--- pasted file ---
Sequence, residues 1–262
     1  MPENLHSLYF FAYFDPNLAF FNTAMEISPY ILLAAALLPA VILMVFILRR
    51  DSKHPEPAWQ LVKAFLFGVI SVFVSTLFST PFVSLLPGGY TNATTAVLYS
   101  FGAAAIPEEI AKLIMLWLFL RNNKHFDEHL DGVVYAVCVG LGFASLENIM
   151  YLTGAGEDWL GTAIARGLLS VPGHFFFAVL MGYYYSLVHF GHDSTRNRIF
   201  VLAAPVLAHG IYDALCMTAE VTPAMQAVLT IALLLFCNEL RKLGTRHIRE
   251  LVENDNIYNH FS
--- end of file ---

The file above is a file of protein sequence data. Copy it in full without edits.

Sequence, residues 1–262
     1  MPENLHSLYF FAYFDPNLAF FNTAMEISPY ILLAAALLPA VILMVFILRR
    51  DSKHPEPAWQ LVKAFLFGVI SVFVSTLFST PFVSLLPGGY TNATTAVLYS
   101  FGAAAIPEEI AKLIMLWLFL RNNKHFDEHL DGVVYAVCVG LGFASLENIM
   151  YLTGAGEDWL GTAIARGLLS VPGHFFFAVL MGYYYSLVHF GHDSTRNRIF
   201  VLAAPVLAHG IYDALCMTAE VTPAMQAVLT IALLLFCNEL RKLGTRHIRE
   251  LVENDNIYNH FS